Goodbye Sniffles, Hello Relaxation: 6 Secrets to an Allergy-Free Vacation

For many people, the best time to go on a vacation is also the season when allergies are most common. Be it pollen, dust, or any other type of trigger; different allergens can ruin a perfectly beautiful day and turn what could have been a sweet holiday sour.

When it comes to allergies, proper management is key. So, if you or any of your loved ones have a sensitivity to animal dander, dust, pollen, or certain types of foods, it would be wise to work this into your vacation planning to avoid uncomfortable situations.

If you’re not sure how to do this, below are six secrets you must learn to plan an allergy-free vacation:

1. Know Your Allergens

If you don’t already do, it pays to determine what triggers your allergic reaction. Is it dust or pollen? Are you allergic to animal dander or maybe you need to avoid certain types of food?

Whatever it may be, it would be best to know the specific triggers that cause your allergic reactions. To do so, there are two types of sensitivity tests you can undergo:

Skin Test

Also called the “scratch test,” a skin test entails exposing an allergic person to small amounts of allergens.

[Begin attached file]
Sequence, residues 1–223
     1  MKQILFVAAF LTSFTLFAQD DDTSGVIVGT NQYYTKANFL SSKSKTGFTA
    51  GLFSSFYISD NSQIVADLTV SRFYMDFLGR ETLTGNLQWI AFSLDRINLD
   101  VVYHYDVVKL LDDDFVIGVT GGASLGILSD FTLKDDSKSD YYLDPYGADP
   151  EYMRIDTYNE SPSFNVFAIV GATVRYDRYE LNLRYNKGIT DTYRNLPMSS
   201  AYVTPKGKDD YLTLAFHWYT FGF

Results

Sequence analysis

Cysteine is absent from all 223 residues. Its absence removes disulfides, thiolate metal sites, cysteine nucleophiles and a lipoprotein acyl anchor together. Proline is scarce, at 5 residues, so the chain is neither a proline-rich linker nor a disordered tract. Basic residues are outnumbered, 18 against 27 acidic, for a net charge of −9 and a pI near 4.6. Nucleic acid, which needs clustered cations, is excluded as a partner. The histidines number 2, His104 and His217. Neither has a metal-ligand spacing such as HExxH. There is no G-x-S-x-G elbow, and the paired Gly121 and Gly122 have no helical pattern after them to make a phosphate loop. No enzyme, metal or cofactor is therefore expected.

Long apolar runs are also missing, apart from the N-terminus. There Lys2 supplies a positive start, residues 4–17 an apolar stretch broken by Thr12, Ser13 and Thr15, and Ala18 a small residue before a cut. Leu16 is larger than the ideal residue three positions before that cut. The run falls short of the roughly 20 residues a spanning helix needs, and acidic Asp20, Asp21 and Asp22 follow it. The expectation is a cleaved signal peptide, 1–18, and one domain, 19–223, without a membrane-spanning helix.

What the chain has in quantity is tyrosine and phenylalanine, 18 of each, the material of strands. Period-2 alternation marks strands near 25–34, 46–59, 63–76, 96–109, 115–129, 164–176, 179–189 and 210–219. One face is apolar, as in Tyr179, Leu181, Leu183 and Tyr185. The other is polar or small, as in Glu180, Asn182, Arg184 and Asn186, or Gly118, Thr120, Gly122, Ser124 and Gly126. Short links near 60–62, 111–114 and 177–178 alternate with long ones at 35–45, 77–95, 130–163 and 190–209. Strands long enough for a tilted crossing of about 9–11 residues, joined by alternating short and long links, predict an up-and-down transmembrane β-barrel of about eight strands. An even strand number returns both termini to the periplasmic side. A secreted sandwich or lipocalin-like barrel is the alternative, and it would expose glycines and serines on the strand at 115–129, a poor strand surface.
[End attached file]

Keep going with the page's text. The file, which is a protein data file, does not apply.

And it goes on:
Then, a medical practitioner will prick or scratch the outer layer of the skin. This area is later labeled based on what allergen was used. If it reddens and swells up into what looks like a mosquito bite, it means that the patient is allergic to that specific substance.

The skin test only takes roughly 15 minutes to produce results and is considered the most common sensitivity test available.

Blood Test

If a skin test cannot be done, doctors may recommend a blood test. Essentially, this test measures the total number of antibodies (IgE) present in the blood. These are the antibodies responsible for causing allergic reactions.

There are also IgE tests that measure the antibody level according to a specific allergen. The higher the IgE antibodies present in the blood, the higher the chances a person has an allergy.

But unlike skin tests, blood tests can yield results only after a few days.

2. Plan Around Your Allergy Triggers

After determining the cause, the next step is to know what you’ll potentially encounter during your vacation. A doctor should be able to recommend special precautions for you, but the following tips on the common allergy triggers can also help:

Animal Dander

Even if you don’t have a pet, there will always be a chance that you’ll encounter one when going somewhere you don’t frequent. While you cannot avoid animals all the time, you can reduce these encounters by choosing a pet-free hotel.

Besides that, you can choose to fly with airlines that limit the number of animals allowed inside the cabin. You can also call ahead and ask for a seat away from passengers bringing their pets. Now, all you have to worry about is the service animals brought on the flight.

If you talk to them about your allergy, they may also allow you to board early to clean the space where you’ll be sitting. When doing so, remember to wipe down as many surfaces as you can with wet wipes, including the seat, tray table, armrests, and the handles on the overhead bins.